You should make sure you fully understand what you’re getting with a pet insurance plan before purchasing it. Become pet insurance savvy by reading over our pet insurance definitions and other important coverage information.

What Is Pet Insurance?

pet insurance[pet in-shoo r-uh ns]


1.   The maximum amount a pet insurance provider will pay for your claims.

Note the part of our definition that says hurt or sick. Why do we define pet insurance this way? Because the majority of pet insurance plans do not include coverage for preventive care – they only cover costs associated with accidents, injuries, and illnesses. However, some providers allow you to add preventive care coverage to your plan for a little more money per month.

In case you’re on the fence about preventive care coverage, pet insurance providers that offer it usually allow you to add it at a later time if you skip it initially. With our plans, for instance, you can add preventive care coverage at the start of a new plan period.

How Much Will Pet Insurance Cover Me For?

The amount of coverage you get will depend on your plan’s coverage limits, deductible, and reimbursement percentage.

Asking yourself what those terms mean? Here’re our definitions:

coverage limits[kuhv-rij lim-its]


1.   The maximum amount a pet insurance provider will pay for your claims.

Not all coverage limits are the same. Having an annual coverage limit versus a per-incident coverage limit makes a big difference. Be certain you know what kind a pet insurance provider offers before enrolling in one of their plans.

If you go with a plan that allows you to choose a higher annual coverage limit, you’re likely to get more coverage overall than you would with a plan that has a per-incident limit.

deductible[dih-duhk-tuh-buh l]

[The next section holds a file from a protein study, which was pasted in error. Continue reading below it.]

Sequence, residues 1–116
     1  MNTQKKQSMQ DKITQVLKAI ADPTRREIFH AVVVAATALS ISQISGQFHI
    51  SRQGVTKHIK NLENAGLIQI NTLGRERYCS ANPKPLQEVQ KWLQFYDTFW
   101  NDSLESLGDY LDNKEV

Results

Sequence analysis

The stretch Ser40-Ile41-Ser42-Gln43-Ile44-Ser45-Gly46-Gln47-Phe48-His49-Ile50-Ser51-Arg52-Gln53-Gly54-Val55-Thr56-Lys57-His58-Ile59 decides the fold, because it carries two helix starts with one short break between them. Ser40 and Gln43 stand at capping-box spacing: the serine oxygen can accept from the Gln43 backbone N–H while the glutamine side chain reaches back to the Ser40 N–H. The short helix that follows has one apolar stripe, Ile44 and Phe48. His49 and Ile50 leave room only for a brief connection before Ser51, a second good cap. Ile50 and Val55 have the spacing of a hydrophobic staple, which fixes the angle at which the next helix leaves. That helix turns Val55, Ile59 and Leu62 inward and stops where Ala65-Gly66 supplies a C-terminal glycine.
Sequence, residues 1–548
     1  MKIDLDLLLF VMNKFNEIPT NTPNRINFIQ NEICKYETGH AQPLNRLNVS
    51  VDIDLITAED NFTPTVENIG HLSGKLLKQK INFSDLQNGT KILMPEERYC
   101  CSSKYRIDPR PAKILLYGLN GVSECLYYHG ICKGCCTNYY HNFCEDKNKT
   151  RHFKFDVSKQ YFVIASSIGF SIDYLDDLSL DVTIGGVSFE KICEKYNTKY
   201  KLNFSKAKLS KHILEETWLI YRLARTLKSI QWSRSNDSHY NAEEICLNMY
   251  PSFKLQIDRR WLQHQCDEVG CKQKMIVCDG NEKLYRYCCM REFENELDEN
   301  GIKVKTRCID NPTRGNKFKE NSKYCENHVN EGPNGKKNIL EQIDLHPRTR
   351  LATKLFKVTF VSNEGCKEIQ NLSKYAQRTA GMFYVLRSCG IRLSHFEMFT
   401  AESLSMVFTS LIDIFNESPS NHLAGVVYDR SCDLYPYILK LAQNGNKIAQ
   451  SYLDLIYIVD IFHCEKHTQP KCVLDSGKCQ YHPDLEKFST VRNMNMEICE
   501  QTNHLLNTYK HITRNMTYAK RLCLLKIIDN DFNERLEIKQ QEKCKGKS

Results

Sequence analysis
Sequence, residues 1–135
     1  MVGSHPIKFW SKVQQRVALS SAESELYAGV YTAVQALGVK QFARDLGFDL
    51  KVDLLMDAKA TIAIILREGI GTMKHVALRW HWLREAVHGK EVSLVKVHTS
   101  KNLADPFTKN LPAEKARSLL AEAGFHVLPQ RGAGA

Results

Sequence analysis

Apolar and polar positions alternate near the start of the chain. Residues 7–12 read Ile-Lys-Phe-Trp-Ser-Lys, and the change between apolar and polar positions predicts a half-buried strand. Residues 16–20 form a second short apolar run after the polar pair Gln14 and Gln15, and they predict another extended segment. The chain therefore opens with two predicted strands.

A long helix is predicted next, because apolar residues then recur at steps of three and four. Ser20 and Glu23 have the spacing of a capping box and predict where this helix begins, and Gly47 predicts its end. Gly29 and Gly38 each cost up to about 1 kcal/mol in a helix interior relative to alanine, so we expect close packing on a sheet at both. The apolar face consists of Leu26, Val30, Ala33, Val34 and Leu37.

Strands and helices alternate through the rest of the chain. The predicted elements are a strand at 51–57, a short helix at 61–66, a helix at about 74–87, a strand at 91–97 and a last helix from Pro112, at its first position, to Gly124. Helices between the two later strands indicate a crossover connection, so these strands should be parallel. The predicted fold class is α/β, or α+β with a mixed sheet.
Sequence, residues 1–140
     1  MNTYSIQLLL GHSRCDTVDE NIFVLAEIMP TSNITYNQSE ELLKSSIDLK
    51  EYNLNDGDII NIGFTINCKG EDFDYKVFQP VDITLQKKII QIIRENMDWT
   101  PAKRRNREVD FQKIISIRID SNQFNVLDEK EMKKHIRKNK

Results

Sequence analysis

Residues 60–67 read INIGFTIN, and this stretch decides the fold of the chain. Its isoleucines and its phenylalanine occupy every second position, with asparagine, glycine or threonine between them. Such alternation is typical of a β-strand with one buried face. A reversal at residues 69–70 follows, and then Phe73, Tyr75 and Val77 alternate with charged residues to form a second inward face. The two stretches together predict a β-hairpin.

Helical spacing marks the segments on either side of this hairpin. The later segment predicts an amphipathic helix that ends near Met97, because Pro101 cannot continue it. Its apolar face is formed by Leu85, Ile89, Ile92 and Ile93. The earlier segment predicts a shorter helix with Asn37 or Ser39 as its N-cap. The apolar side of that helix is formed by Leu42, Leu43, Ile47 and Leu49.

1.   The amount you must pay for covered veterinary costs before you can start being reimbursed.

There are also annual and per-incident deductibles. As you probably guessed, an annual deductible will allow you to be covered for more than a per-incident deductible would, because an annual deductible only has to be met once per plan period rather than for each claim.

reimbursement percentage[ree-im-burs-muh nt per-sen-tij]


1.   The percentage of covered costs paid back to you after your deductible is satisfied.

Typically, pet insurance providers reimburse customers for a percentage of the covered veterinary costs. This is after the deductible is met, of course. It’s important to know what your reimbursement options are. Most pet insurance providers offer reimbursement percentages from 70-100%.

Pet Insurance Pre-existing Conditions

Pre-existing conditions are not typically covered by pet insurance providers. Each provider may have their own definition of a pre-existing condition.

pre-existing condition[pree-ig-zist-ing kuh n-dish-uh n]


1.   A health problem that occurs before coverage is effective or during a waiting period.

The exclusion of pre-existing conditions could make anyone skeptical, but there is sometimes more leeway with it than you’d think. For instance, we will no longer consider a condition to be pre-existing if your pet has been cured of it and treatment-free for 180 days. Therefore, the condition could be eligible for coverage at a later point in time. It’s best to enroll your pet as early as possible to avoid future conditions being considered pre-existing.

Pet Insurance Waiting Period

Waiting periods apply to many pet insurance plans, so that is something you’ll want to check for when researching coverage offered by different companies.

What is a waiting period?

waiting period[wey-ting peer-ee-uh d]


1.   The amount of time that must pass before coverage can start.

For example, we have a 14-day waiting period for illnesses, ligament issues, and knee conditions. There are no waiting periods for other accidents or preventive care coverage. Our waiting periods only apply in a customer’s first 12-month plan period.

Want more details and rates for Hartville Pet Insurance plans? Get a quote now.